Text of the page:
I'm not sure how to characterize your position on evolution. You think that evolution couldn't have produced a digestive system? nice bird plumage? I asked you quite honestly what you would consider evidence of evolution, since the visible changes in populations and genetic links among organisms seem inadequate to you. In fact, I do see evidence of a common designer for horses, trees, eyes, flagella, and nice bird feathers: the variation and selection machine of evolution. Evidence from fossils, morphology, molecular biology, genetics, and other sources lead me to believe that all life shares ancestry. You claim that you're persuaded by inductive inference too, but you won't conclude that species evolve? You haven't shown that evolution is based on unfounded assumptions, just that you don't understand the basis of the theory of evolution by natural selection.
There's discussion on this thread concerning differences in chromosome counts, another thing you're using to debunk evolution. Did you realize some species contain members with varying chromosome counts? Why do you think this somehow invalidates evolution? Now you think rib counts in horse fossils means that modern horses did not evolve from earlier species of horses?
You keep talking about genes, but refuse to listen when Mammuthus argues his area of expertise. I think what we know about genetics is strong evidence in favor of common ancestry, and you seem to argue that what you don't know about DNA is evidence against evolution.
You haven't answered any of my questions, but for what it's worth I don't depend on evolution for my livelihood. I'm just fascinated by natural history and I think evolution is a rational theory that explains the vast majority of available observations. It proposes testable mechanisms and has contributed to further research into the development of life on Earth.
The dark nursery of evolution is very dark indeed. Brad McFall
quote:You keep talking about genes, but refuse to listen when Mammuthus argues his area of expertise. I think what we know about genetics is strong evidence in favor of common ancestry, and you seem to argue that what you don't know about DNA is evidence against evolution.
I actually don't see it as a problem that he refuses to listen to me. I encourage people to not be swayed by argument from authority. How many of us really think that Fretwell's arguments are any more valid because he was once an ecologist? However, at any point that I or Loudmouth present the reports of scientific studies, Skeptic whines that it is too technical, that he has no way of evaluating anything that is being said since he is not an expert, and that he wants us to make up some kind of scenario independent of the hypotheses that are already supported by evidence such as the evolution of vision, digestion, and reproduction. I could present specific data points from my own research but what for? They would be over his head as well. Ultimately, he is asking us to not present the evidence for evolution from our respective specialities (Loudmouth is studying zoology and I am a human geneticist by training) but rather to spoon feed him some dumbed down kindegarten version of science that he might understand and then rip into because we are not presenting the actual detailed experimental evidence. It is a little troll game. Attempt to dumb the argument down and then claim that we have no evidence for our hypotheses. When the evidence is presented, claim that it is not understandable to someone with a Dragonball-Z level science education and therefore not valid. The worst part is, he could go out and read about any of this without taking our word for it. He could take a biology course or some basic genetics. He could even go so far as to do some experiments himself such as the bacterial evolution experiment that RrHain always brought up in such cases..would take him a week of his time. But it is far easier to be confidently ignorant than tentatively informed.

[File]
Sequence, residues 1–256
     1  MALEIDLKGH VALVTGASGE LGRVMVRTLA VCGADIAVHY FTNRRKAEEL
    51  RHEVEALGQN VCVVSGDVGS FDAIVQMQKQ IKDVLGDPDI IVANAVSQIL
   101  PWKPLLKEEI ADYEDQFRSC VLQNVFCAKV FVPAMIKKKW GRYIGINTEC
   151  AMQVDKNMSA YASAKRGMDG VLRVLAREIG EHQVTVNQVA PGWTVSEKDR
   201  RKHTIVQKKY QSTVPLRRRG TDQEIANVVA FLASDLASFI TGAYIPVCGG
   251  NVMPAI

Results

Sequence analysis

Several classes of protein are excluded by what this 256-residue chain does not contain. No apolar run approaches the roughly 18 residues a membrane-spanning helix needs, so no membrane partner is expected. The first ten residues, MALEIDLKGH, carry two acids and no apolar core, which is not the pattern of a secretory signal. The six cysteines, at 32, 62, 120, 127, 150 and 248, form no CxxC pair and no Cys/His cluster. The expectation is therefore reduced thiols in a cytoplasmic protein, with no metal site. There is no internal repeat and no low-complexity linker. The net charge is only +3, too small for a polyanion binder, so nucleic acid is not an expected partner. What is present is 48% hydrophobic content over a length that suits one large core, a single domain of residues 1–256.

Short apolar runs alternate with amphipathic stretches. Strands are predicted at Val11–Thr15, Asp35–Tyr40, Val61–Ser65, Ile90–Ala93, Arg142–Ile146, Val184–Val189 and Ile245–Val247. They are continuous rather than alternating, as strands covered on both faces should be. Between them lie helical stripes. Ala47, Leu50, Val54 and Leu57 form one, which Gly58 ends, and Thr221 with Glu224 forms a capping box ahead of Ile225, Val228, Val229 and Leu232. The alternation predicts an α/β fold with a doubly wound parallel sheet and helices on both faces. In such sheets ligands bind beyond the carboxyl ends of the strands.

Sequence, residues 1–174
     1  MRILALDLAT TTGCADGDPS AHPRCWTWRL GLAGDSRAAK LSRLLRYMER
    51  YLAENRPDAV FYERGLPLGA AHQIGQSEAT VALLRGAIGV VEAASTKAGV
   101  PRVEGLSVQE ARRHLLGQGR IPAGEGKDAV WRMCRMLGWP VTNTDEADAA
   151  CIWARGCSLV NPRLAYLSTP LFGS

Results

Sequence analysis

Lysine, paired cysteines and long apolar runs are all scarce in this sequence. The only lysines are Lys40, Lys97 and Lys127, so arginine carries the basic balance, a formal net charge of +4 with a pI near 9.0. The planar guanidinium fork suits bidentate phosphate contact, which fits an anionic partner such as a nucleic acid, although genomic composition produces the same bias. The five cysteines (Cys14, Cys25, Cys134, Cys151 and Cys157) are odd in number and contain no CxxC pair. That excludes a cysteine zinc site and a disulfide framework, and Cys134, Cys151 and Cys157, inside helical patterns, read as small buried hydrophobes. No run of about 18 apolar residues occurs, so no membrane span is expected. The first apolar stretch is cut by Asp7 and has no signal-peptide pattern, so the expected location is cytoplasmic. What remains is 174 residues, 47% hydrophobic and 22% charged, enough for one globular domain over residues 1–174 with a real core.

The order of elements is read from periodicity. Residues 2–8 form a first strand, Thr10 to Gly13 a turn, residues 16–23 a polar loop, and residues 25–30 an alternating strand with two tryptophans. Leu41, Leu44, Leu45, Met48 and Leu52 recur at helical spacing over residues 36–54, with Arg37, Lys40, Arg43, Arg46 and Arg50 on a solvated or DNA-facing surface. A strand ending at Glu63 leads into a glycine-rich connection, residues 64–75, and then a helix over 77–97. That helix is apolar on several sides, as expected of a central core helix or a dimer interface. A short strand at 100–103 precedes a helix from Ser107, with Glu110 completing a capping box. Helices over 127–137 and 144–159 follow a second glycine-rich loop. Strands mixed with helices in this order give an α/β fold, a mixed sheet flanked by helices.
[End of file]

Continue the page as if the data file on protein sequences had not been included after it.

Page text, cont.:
quote:Could you have predicted the number of chromosomes in various forms of life as they evolved? For example:
Chromosome number and evolutionary pathways are independent of each other. Polyploidy is quite common in plants (do you know what polyploidy is?) and shifts in chromosome number can not be predicted, just as mutations can't be predicted.
quote:As for your trusty DNA evidence, chimps and humans are about 98.4% similar. You know this. The human DNA has indeed been "mapped" but take a wild guess as to what percent of DNA "FUNCTION" has been determined? (hint: 1 or 2%). But yet we make wild claims about what DNA reveals about our common ancestor from millions/billions of years ago.
Judging by this post and your inability to understand the abstracts that have been posted for you, you still don't understand how damning the relationships between chimp and human DNA is. For comparison, if I turned in a thesis project and it was 1.6% different than another thesis, on a word by word basis, I would be accused of plagarism. And rightly so. Unless you can correctly explain to me your understanding of HERV's and pseudogenes there is no reason to keep going along this vien. At this time you simply don't have the background for understanding the implications of genetics in constructing phylogenies or establishing common descent. If you can show me that you do understand these principles, I will gladly debate them with you. Right now it is like discussing the beauty of Mozart with a deaf person.